Grant Number: 5R01AR051361-03
PI Name: MCALINDON, TIMOTHY E.
Project Title: Trial of Vitamin D to Reduce Progression of Knee OA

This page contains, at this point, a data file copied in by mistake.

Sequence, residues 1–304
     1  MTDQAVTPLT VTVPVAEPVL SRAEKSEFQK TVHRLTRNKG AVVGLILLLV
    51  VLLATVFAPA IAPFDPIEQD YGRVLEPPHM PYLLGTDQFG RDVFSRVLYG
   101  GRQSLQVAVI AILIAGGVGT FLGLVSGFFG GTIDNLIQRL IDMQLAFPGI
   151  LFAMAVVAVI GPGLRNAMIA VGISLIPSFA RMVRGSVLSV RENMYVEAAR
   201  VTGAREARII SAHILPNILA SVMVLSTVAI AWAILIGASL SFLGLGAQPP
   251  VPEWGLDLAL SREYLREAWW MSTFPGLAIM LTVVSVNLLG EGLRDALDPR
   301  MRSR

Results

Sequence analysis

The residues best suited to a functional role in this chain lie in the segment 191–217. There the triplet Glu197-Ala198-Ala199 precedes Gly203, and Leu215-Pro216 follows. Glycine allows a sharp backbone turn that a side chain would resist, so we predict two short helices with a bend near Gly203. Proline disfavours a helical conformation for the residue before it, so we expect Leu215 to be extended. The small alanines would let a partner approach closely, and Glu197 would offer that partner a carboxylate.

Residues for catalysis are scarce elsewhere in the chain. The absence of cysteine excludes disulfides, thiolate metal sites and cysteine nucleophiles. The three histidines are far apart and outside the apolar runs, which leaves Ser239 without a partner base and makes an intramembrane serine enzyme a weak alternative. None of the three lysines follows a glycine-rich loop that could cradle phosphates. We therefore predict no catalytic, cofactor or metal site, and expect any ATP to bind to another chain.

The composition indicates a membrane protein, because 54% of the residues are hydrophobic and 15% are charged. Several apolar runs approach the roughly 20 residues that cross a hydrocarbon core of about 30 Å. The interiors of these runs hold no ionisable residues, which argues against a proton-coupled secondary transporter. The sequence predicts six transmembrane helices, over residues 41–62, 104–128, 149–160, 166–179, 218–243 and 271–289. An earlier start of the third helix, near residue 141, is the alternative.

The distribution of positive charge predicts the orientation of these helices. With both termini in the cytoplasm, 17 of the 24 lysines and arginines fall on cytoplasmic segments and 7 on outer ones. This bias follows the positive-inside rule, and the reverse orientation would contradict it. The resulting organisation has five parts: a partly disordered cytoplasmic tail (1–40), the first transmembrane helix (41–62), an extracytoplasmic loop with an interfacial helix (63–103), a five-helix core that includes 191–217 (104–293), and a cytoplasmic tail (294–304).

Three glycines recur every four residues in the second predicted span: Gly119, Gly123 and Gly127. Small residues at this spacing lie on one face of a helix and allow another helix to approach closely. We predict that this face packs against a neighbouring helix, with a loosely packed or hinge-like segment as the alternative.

Abstract: DESCRIPTION (provided by applicant): Symptomatic knee osteoarthritis has an incidence of 240/100,000 person years and is one of the most frequent causes of dependency in lower limb tasks, especially in the elderly. It causes 68 million work loss days per year and more than 5% of the annual retirement rate. Osteoarthritis is the most frequent reason for joint replacement at a cost to the community of billions of dollars per year. No effective medical remedies for osteoarthritis currently exist. However, the pharmaceutical industry is attempting to develop drugs that retard progression of OA. If efficacious, these proprietary medications will be expensive to employ in a population in which OA is endemic. Ironically, there is evidence that vitamin D supplementation, a simple non-proprietary intervention, may have efficacy in slowing progression of OA. Even if only modestly effective, it could have considerable impact in terms of reducing the societal burden of OA. Therefore, in the interests of public health, the efficacy of vitamin D supplementation as a disease-modifying treatment for OA needs to be tested in a rigorous clinical trial. Disease-modification trials for knee OA have been difficult due to limitations of the radiographic technique. However, MRI has emerged as a valid, precise and reproducible tool for obtaining volumetric measures of cartilage and joint structures. Our goal is to enroll 140 individuals with symptomatic knee OA into a 2-year randomized placebo controlled clinical trial of vitamin D, 14,000 ID / week. Outcomes will include the WOMAC questionnaire (primary clinical), cartilage volume loss (primary pathological), physical function tests, SF-36 and whole organ knee MRI OA severity scores. Bone density, calcium homeostasis and knee alignment will be tested as intermediary variables. We will test effectiveness of vitamin D using cross-sectional time series regression models with first-order autoregressive disturbance adjusting for informative dropouts. Back to Grants Page